The Government has finally caved in to pressure to properly compensate the 130,000 workers who lost their pensions when their companies went bust, agreeing to put up an extra 1bn of taxpayers' money to replace their savings.
The news means that all those who lost their pensions before May 2004 will now receive 90 per cent of what they were due, up to an annual limit of 26,000, but rising with inflation every year. An additional 11,000 people who also lost their pensions when their schemes were wound up in spite of their employer remaining solvent will also qualify for the payouts.
The Government's climb-down yesterday brings an end to more than four years of campaigning by pensioners, unions and politicians. Last year, a Parliamentary Ombudsman report found the Government culpable for the pension losses, recommending that it fully compensate all those involved. However, the Government ignored the report and the recommendations from a Public Affairs Select Committee inquiry which backed up the Ombudsman's findings.
The former government pensions adviser Dr Ros Altmann helped victims to take the case to the High Court, which also backed up some of the Ombudsman's findings, but ministers brushed this ruling aside as well.
Although the Government agreed to set up a Financial Assistance Scheme for the victims in 2004, this promised to refund only 80 per cent of the workers' lost pensions, up to a cap of 12,000 a year, with no inflation-proofing. Furthermore, the first payments were not made until the end of last year. Onlya small minority of those whoare due a payout from the FAS have so far received anything.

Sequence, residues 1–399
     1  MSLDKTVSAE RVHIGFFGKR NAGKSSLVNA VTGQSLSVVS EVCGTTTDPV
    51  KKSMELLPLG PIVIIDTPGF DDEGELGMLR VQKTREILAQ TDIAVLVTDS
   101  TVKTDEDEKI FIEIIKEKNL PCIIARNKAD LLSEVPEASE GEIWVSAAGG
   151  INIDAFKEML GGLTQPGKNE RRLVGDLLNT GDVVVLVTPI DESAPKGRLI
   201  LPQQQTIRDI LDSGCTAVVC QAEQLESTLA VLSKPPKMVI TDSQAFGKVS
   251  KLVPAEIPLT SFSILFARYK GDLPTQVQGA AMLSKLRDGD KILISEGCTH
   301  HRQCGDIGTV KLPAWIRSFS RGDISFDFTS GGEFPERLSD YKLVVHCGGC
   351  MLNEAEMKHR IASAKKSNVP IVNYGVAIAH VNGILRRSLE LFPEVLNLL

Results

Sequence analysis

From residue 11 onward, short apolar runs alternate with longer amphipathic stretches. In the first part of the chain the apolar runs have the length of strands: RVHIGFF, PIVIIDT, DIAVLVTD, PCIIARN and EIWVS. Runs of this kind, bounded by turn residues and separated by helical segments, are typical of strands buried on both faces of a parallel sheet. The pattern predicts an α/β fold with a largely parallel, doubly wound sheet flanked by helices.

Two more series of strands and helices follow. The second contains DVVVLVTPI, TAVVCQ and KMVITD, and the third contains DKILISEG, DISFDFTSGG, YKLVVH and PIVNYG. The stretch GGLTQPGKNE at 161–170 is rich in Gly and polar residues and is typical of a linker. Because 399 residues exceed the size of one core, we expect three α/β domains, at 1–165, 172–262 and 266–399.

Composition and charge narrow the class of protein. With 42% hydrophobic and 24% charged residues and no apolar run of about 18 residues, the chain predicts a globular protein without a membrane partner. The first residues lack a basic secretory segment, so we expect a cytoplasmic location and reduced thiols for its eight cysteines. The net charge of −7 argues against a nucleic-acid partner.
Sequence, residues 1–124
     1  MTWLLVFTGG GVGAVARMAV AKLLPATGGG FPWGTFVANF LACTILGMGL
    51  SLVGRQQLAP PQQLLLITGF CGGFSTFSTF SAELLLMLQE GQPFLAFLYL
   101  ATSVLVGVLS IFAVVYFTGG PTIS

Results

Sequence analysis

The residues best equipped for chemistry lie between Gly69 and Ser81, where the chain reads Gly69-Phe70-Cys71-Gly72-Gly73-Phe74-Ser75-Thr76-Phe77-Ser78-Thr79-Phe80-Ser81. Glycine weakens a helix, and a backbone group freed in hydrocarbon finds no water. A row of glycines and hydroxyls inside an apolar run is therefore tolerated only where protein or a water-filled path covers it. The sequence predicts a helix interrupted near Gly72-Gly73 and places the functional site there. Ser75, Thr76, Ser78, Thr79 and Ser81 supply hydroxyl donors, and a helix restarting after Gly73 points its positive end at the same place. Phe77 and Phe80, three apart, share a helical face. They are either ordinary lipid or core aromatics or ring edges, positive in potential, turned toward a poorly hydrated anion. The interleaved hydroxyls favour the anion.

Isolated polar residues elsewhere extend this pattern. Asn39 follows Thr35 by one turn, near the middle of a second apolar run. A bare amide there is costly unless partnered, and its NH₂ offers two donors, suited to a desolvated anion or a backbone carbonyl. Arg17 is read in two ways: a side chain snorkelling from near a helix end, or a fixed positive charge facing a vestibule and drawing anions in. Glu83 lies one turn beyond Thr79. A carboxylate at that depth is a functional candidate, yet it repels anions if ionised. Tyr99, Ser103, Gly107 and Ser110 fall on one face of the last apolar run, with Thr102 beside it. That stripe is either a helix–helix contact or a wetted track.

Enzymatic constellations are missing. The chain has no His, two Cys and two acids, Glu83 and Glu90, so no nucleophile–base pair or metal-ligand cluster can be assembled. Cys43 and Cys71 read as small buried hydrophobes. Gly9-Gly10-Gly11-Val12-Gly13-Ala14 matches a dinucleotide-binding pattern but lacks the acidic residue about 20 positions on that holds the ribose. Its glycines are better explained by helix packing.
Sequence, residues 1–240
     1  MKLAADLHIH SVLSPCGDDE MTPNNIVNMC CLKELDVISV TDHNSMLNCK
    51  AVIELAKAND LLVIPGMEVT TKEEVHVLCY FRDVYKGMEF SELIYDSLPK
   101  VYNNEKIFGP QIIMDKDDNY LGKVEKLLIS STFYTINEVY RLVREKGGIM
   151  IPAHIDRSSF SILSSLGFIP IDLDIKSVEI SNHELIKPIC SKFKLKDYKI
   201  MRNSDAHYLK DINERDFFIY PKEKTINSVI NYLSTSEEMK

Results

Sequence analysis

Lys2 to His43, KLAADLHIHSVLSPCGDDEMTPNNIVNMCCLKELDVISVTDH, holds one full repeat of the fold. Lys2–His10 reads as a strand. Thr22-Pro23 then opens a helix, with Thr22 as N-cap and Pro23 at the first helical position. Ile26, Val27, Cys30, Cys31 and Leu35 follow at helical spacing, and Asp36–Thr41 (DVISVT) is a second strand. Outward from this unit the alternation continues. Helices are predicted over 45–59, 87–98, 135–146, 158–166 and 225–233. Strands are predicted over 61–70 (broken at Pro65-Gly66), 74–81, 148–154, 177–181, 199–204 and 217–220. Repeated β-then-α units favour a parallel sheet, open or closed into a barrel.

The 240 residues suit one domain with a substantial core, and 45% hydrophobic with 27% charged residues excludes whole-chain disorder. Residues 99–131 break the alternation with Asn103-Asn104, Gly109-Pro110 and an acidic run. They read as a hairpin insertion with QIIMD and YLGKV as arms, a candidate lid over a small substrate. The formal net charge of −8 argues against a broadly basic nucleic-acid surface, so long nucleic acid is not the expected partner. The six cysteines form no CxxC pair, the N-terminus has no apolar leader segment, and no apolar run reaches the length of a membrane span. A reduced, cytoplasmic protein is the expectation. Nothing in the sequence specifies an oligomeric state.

Yesterday's extension of the FAS also provides for workers to begin withdrawing their pension at their predetermined retirement date, subject to a minimum of 60 years of age. Previously, no payments were made from the FAS before 65.
A number of victims who joined the campaign for proper compensation died before they saw a penny of the pensions they had spent their working lives saving for.
Although the Government agreed yesterday to put up an extra 935m of taxpayers' money to fund the FAS on top of the 1.9bn it had already pledged most of the compensation will be funded from the residual assets left in the troubled pension schemes. A change in the regulations, to prevent the defunct funds from having to buy annuities, will ensure that the remaining assets can be used to maximum effect.
Peter Hain, the Secretary of State for Work and Pensions, said: "All those who lost their pensions had done the right thing by saving for later life. They played by the rules, only to see their pension savings disappear through no fault of their own. Some I have spoken to were within weeks of retirement, having paid their contributions for 30 years or more, when they were so cruelly deprived of their pension.
"So I'm delighted that we are able to announce a settlement that will provide justice for the 140,000 people affected when their schemes were wound up, including members of schemes where the company is still solvent. This builds on the substantial steps we've already taken to put right the unfairness they experienced. Although the Government has been criticised over this matter, these are huge amounts and it is right that we have been able to maximise the return from residual assets in the schemes which collapsed so that the public purse has had value for money too."
Dr Altmann said she was delighted at the result, although acknowledged that it still fell short of the Ombudsman's recommendation. "Finally we have won it is unbelievable ... these people really deserve it," she said.
"It is not 100 per cent, it is not what the Parliamentary Ombudsman recommended, but it is pretty much on a par with the Pensions Protection Fund. It will allow those affected to get their lives back."Reuse content